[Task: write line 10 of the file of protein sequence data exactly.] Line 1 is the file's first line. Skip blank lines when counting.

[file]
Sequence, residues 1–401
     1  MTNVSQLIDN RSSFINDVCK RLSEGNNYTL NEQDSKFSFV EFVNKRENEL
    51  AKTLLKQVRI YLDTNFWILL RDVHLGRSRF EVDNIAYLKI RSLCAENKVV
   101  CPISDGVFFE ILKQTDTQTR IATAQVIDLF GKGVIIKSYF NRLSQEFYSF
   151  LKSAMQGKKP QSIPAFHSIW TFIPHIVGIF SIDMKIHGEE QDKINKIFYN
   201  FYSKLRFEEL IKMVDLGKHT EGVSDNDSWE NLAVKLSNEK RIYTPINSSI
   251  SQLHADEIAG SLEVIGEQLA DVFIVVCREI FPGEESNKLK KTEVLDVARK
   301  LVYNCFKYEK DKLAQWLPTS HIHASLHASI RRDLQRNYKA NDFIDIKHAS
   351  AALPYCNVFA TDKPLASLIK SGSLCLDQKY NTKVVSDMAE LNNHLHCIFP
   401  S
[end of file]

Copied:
   401  S